Even by his own high standards, Boris Johnson is on combative form this morning. The Mayor of London uses his regular Telegraph column to urge EU leaders to let Greece default on its debts and force it to leave the euro, while in a piece for the Sun, he launches an assault on Ken Clarke’s sentencing plans. “Soft is the perfect way to enjoy French cheese, but not how we should approach punishing criminals,” he writes.
But it’s a line in his Telegraph column that really stands out: “The trouble is that the Greek austerity measures are making the economy worse.” It’s a point that Ed Balls and others have made frequently in recent months but it’s not one that you’ll hear from George Osborne, for the simple reason that it contradicts his claim that spending cuts are a precondition for growth.
The austerity measures adopted by Ireland, Portugal (which went one better than Osborne and raised VAT twice) and Greece have exacerbated, rather than diminished, their economic problems. As Balls argued in his LSE lecture last week: “[W]hat they [Portugal], Ireland and Greece have all discovered – just like Argentina, Brazil and Turkey before them – is that it doesn’t matter how much they cut spending or how much they raise taxes; if they can’t create jobs and growth, their debt and deficit problems get even worse and market confidence falls further still.”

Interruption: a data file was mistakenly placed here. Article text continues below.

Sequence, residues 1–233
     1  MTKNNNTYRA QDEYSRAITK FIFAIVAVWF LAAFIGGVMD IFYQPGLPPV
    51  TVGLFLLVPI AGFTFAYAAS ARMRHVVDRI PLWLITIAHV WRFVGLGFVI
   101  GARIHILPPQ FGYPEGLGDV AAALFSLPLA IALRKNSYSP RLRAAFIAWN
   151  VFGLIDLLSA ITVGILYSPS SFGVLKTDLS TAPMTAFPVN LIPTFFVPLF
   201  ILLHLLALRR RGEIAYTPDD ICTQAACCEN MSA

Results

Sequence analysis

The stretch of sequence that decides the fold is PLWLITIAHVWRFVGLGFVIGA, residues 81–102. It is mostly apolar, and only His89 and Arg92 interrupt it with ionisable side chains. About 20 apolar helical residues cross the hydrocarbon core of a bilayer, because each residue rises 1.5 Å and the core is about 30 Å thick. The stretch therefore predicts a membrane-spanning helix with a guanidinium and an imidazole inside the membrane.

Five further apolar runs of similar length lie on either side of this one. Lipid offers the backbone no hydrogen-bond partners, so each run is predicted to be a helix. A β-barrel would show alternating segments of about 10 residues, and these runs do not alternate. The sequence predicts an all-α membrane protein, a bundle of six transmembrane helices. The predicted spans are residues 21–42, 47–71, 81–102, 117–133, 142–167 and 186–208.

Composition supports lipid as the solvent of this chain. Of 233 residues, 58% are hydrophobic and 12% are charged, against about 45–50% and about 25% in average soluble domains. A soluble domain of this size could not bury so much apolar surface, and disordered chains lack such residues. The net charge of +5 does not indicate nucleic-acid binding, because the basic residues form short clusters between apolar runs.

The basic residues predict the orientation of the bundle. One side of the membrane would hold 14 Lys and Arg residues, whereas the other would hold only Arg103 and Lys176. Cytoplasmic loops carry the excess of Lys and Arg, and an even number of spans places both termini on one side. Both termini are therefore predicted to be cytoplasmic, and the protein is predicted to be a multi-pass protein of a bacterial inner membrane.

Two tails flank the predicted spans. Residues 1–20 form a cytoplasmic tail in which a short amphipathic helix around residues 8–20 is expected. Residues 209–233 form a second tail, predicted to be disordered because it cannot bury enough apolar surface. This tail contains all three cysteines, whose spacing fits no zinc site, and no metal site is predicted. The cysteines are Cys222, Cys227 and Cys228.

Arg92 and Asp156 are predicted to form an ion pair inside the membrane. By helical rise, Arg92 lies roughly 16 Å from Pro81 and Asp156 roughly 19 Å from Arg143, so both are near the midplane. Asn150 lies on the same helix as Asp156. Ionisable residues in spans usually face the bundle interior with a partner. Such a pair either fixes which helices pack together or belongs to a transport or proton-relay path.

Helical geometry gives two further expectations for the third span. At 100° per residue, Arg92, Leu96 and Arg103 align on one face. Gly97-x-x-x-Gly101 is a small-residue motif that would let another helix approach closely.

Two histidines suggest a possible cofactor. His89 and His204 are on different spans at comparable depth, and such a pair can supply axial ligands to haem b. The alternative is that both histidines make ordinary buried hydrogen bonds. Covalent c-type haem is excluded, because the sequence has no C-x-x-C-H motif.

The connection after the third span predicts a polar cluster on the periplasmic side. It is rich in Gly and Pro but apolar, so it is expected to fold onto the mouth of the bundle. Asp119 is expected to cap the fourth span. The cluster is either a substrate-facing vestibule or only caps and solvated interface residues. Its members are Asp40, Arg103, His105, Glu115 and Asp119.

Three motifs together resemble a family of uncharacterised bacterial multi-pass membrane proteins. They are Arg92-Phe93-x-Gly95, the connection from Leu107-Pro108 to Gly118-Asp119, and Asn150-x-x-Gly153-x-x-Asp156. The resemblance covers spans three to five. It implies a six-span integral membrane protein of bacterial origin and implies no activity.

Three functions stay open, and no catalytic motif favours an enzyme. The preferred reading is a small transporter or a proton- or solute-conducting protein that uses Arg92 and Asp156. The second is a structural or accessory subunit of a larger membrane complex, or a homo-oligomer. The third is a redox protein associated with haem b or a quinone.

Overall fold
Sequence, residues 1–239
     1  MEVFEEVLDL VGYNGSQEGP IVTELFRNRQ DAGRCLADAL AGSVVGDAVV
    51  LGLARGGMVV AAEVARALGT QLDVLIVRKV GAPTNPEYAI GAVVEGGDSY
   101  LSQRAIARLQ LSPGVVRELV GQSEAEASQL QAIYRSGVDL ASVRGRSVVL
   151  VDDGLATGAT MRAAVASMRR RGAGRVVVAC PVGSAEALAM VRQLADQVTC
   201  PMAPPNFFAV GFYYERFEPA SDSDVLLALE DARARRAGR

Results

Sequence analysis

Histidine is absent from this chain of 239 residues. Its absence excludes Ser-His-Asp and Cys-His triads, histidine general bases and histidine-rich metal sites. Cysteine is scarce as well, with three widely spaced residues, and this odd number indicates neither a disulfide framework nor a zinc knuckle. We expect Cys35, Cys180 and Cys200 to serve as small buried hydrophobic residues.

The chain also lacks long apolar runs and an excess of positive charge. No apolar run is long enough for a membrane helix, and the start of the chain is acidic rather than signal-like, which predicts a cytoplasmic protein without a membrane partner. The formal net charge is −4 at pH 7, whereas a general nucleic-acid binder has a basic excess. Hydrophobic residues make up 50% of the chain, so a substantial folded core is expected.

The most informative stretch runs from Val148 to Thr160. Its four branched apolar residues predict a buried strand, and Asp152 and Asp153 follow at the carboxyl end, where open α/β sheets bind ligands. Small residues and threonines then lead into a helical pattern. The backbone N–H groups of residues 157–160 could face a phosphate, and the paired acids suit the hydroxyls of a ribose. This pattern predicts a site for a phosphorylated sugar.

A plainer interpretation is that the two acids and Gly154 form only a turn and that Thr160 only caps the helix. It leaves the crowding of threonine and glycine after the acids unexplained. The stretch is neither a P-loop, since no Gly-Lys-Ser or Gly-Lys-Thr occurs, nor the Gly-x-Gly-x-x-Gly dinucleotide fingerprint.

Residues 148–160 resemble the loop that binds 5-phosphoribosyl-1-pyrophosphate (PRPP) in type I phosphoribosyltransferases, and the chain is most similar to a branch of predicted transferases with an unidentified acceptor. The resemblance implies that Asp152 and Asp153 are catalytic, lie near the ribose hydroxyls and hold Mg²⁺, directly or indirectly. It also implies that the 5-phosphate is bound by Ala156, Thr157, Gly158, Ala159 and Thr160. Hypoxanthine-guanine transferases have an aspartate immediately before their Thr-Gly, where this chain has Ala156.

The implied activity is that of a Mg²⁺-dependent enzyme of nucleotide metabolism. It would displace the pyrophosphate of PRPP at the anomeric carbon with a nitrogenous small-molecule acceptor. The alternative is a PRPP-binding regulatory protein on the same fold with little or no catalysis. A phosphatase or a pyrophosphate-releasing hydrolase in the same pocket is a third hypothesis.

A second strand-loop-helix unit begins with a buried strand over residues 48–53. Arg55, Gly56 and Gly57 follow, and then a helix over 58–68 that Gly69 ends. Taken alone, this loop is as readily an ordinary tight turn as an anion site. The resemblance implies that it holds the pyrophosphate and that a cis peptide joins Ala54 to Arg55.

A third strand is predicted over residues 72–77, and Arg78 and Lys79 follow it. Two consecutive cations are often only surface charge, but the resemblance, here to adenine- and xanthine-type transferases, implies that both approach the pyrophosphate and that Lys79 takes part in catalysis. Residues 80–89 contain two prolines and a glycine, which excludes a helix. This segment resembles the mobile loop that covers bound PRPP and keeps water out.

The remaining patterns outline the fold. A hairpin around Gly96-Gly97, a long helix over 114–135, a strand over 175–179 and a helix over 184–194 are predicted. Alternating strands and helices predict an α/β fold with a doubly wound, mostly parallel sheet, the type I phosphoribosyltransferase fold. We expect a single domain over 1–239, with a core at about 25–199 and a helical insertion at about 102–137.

Similarly, in Britain, rather than increasing growth, Osborne’s austerity agenda has destroyed it. The economy, which grew by 1.8 per cent over Q2 and Q3 2010, has not grown for the last six months. Britain, which was at the top end of the European growth league table, is now fourth from bottom, with only Greece, Portugal and Denmark below it.
Yet according to Osborne’s doctrine of “expasionary fiscal contraction”, the reverse should have happened. As the state contracts, the economy should expand. But with consumer spending still depressed and the banks not lending enough, where will growth come from if not from active government? Britain, like Greece, cannot cut its way out of stagnation.